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Posted on 23 Mar, 2012 in The Godfather: Peter Corris | 4 comments

The Godfather: Peter Corris on writing endorsements

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From time to time writers are asked to give endorsements for forthcoming books. These are called straplines in the trade. You know the sort of thing: ‘This out-swashes and out-buckles Bernard Cornwall’. Often the publishers make the request on behalf of a debut writer, because they have no previous reviews or straplines to cite.

I recently received one such request from a publisher who shall be nameless. I refuse when I’m busy or have misgivings about the book, but I wasn’t busy and you never know when you might need a publisher. I agree to look at the book, due to be published in July, but with certain provisos.

First, I undertook to endorse the book only if I was genuinely enthusiastic about it. Then I made a stipulation about length. This was a crime story and in my opinion a crime novel much over 300 pages is padded. So no 500-page door-stopper, please. I put books back on library and bookshop shelves if the font is too small or the print too faint, so I insisted on those two points. Finally, I admitted to a couple of prejudices. I dislike books with unconventional layouts and styles – dashes instead of inverted commas for direct speech for example, or characters with initials instead of names. I detest the rendering, except in one or two passages to give the flavour, of colloquial or ungrammatical speech phonetically – ‘I wos gunna tell ya later,’ for example.

The invitational email had been very polite so I replied similarly, apologising for all the reservations and hoping that they hadn’t given offence. In reply, the editor said that my conditions presented no problems. A proof copy was not available and a bound printout at 14 point would be posted, but I was assured that the finished product would not be in a small font or faint print. I was further assured that the novel was conventional in presentation.

No mention was made about characters with initials and phonetic rendering of slang, but I felt that enough of my points had been covered and I agreed to look at the book.

I’ve had some good straplines in my time; early on, Stephen Knight offered, ‘Peter Corris is undoubtedly a major figure in our time’. Later, I had from James Ellroy, the self-styled demon dog of American literature, ‘Corris’s portrayals of Australia stand out uniquely – forceful, hard-driven, compassionate’.  It behoves a writer to do as he or she would be done by.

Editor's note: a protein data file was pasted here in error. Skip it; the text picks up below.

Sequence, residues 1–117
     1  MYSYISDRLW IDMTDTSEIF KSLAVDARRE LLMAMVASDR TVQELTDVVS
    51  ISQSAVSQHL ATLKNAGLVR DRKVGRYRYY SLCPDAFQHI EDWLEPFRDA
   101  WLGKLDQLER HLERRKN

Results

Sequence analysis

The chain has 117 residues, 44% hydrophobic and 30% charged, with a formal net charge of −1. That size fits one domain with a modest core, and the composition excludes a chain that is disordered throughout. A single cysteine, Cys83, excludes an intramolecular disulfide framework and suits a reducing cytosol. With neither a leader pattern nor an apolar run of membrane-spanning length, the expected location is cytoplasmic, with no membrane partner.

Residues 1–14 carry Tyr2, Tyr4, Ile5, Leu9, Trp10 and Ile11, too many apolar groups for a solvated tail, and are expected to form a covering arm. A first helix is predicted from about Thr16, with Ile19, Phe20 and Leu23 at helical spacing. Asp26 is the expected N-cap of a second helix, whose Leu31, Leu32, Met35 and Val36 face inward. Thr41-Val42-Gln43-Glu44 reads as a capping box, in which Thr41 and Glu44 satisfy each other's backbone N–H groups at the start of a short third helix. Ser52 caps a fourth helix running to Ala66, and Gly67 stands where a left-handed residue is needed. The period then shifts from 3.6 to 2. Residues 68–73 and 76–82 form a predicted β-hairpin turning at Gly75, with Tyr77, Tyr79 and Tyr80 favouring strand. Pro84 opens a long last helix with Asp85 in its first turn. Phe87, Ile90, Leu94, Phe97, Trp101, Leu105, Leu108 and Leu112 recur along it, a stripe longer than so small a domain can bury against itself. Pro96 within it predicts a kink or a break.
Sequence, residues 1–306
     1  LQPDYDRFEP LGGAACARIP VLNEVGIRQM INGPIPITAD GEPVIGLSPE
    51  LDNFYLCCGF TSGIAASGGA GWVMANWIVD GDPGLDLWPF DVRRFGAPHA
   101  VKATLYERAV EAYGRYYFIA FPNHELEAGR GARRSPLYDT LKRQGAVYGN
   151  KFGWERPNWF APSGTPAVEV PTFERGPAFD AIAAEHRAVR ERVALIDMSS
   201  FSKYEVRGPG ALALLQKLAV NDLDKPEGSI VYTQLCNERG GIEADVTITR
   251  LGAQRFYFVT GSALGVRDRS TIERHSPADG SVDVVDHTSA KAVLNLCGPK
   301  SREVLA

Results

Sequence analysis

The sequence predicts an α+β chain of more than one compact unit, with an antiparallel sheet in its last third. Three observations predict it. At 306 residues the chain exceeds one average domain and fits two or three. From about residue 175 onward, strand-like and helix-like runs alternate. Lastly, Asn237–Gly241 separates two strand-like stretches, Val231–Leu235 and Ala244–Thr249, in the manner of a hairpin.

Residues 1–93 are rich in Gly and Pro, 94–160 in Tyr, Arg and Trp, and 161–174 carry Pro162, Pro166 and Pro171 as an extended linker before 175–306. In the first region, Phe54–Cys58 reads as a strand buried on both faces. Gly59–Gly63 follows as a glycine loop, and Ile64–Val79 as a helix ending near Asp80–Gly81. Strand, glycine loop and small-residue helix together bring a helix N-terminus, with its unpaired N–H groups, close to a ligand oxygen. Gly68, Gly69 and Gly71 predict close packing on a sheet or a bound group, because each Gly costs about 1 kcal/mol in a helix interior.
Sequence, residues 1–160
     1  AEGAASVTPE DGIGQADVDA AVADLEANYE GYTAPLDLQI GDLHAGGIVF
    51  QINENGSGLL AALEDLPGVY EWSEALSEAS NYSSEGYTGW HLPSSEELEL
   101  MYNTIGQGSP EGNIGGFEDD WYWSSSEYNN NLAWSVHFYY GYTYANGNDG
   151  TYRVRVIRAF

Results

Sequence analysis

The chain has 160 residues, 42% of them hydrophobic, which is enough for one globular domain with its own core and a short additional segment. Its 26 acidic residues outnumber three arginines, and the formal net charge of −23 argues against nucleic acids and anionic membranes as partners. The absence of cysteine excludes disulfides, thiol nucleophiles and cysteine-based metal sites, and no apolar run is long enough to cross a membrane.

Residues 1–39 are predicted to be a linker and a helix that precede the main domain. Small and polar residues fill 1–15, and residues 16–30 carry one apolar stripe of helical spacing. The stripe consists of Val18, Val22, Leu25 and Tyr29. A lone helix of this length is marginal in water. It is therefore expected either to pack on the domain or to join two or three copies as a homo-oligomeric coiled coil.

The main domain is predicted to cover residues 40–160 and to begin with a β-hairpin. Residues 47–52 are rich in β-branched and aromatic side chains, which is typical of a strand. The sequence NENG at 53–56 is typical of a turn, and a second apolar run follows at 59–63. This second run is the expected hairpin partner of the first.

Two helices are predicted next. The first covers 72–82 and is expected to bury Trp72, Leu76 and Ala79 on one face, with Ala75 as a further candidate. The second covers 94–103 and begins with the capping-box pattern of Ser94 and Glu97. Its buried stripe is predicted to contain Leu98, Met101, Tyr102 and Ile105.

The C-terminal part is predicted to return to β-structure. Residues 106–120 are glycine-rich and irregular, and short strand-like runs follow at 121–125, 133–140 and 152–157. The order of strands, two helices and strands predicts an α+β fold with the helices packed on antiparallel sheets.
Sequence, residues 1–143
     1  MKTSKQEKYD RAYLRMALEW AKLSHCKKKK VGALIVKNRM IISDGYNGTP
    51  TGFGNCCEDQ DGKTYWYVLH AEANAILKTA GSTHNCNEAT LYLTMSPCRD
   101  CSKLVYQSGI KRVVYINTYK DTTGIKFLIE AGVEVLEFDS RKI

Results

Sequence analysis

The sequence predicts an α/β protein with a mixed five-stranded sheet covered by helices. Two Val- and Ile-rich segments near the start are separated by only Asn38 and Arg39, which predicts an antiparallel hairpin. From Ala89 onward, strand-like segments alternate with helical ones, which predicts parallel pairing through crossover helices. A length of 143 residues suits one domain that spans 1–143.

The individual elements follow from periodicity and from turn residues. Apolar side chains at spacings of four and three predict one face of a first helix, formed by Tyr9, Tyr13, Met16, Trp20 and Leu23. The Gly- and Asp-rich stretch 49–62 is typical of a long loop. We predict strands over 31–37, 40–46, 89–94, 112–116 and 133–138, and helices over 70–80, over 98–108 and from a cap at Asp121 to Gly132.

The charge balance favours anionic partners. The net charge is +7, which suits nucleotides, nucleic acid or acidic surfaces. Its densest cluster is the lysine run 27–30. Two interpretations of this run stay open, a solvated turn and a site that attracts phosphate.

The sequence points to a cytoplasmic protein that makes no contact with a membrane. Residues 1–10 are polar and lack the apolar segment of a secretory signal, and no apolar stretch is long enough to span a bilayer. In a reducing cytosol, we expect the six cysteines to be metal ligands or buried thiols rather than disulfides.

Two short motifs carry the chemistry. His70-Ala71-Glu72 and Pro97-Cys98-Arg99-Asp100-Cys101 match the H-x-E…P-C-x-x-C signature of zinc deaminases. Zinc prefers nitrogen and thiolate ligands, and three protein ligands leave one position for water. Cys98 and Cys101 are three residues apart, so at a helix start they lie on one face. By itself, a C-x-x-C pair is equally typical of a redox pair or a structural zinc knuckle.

The transcript arrived promptly – 307 pages, neatly spiral bound. As judges of literary competitions and readers of publishers’ slush piles know, ten pages is usually enough to tell whether the rest is worth reading. This manuscript passed that test easily. It was a period police-procedural set in Melbourne – not an easy thing to pull off. There must be a balance between the evocation of time and place and the thrust of the narrative. Above all, the writer must avoid anachronism – an expression, a word inappropriate to the period, can kill off that essential ‘suspension of disbelief’. It didn’t happen; I read it from end to end, no skipping. I spotted a few literals and punctuation in some passages of dialogue needed attention. There was time to fix those things.

There was one more major problem, I thought. The manuscript had the same title as another very well known and highly regarded book. I pointed this out to the editor but she said not to worry. Then I happened to have a drink with my publisher, who remarked, quite out of the blue and without me mentioning writing the strapline, that the existing book with that title was going to be reissued as a tie-in to a forthcoming television version. I let the editor know. She thanked me profusely and changed the title. But whatever they call it now, the book will still appear with my wholly positive endorsement on the cover.


  1. I love hearing about the birth of a strapline, and of course now I’m ridiculously curious as to what book we’re talking about!

    I was lucky as a debut author to have a widely read writer in my genre give a wonderful quote. I look forward to being well established enough to be asked to do the same. I’ll remember your tips when the time comes!

    Thank you!

  2. Hi Kim — Yes, Peter’s being very discreet! Knowing that it’s a book that has the same title as another book doesn’t really narrow it down … I guess we’ll just have to wait and see.
    As a publisher I always found it nerve-wracking approaching authors to give endorsements. You are asking someone to give up their time — and for no money — so it can feel as if you’re imposing on their good will. And of course the fact you love the book and think it’s a perfect match for them doesn’t mean they’ll see it the same way… Though I have to say in my experience writers are amazingly generous when it comes to these things.

    • Super discreet. You will have to review the book here when it comes out and link back to this post!

      I think most authors are pleased to be approached for an enforcement. It’s like a date. You might say no, but it’s always cool to be asked!

  3. Stephen King endorsed The Books of Blood with the strapline: ‘I have seen the new face of horror, and his name is Clive Barker’. The rest is history.

    I got into Barker based on King’s endorsement and would have been mightily disappointed, if he hadn’t indeed, turned out to be ‘the new face of horror’. Luckily, the endorsement was justified …

    Goes to show how much a reader is influenced by straplines and how important it is not to let them down. Good on you, Peter, for refusing to endorse anything you’re not genuinely enthusiastic about. Above all, it shows respect for the reader.

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